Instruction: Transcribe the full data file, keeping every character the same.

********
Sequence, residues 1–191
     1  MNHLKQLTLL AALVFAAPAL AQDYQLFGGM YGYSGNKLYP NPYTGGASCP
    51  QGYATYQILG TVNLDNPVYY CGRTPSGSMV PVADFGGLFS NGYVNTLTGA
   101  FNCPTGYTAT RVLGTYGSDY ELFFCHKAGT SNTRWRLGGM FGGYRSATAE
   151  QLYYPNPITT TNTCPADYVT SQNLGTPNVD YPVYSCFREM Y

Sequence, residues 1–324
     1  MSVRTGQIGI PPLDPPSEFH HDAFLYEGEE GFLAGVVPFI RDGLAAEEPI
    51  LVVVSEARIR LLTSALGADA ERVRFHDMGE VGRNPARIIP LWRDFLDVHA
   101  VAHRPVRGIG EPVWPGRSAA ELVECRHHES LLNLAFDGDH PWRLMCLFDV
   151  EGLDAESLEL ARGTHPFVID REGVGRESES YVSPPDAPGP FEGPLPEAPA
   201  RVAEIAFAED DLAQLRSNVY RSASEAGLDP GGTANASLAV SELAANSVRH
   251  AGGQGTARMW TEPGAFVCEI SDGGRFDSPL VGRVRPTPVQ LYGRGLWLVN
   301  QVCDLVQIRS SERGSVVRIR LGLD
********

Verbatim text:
Sequence, residues 1–191
     1  MNHLKQLTLL AALVFAAPAL AQDYQLFGGM YGYSGNKLYP NPYTGGASCP
    51  QGYATYQILG TVNLDNPVYY CGRTPSGSMV PVADFGGLFS NGYVNTLTGA
   101  FNCPTGYTAT RVLGTYGSDY ELFFCHKAGT SNTRWRLGGM FGGYRSATAE
   151  QLYYPNPITT TNTCPADYVT SQNLGTPNVD YPVYSCFREM Y

Sequence, residues 1–324
     1  MSVRTGQIGI PPLDPPSEFH HDAFLYEGEE GFLAGVVPFI RDGLAAEEPI
    51  LVVVSEARIR LLTSALGADA ERVRFHDMGE VGRNPARIIP LWRDFLDVHA
   101  VAHRPVRGIG EPVWPGRSAA ELVECRHHES LLNLAFDGDH PWRLMCLFDV
   151  EGLDAESLEL ARGTHPFVID REGVGRESES YVSPPDAPGP FEGPLPEAPA
   201  RVAEIAFAED DLAQLRSNVY RSASEAGLDP GGTANASLAV SELAANSVRH
   251  AGGQGTARMW TEPGAFVCEI SDGGRFDSPL VGRVRPTPVQ LYGRGLWLVN
   301  QVCDLVQIRS SERGSVVRIR LGLD